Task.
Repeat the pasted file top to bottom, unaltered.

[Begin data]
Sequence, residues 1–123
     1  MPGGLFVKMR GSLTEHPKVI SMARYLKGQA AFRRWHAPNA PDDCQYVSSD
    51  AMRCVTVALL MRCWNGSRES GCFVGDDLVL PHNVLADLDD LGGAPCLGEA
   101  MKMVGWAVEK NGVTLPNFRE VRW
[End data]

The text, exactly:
Sequence, residues 1–123
     1  MPGGLFVKMR GSLTEHPKVI SMARYLKGQA AFRRWHAPNA PDDCQYVSSD
    51  AMRCVTVALL MRCWNGSRES GCFVGDDLVL PHNVLADLDD LGGAPCLGEA
   101  MKMVGWAVEK NGVTLPNFRE VRW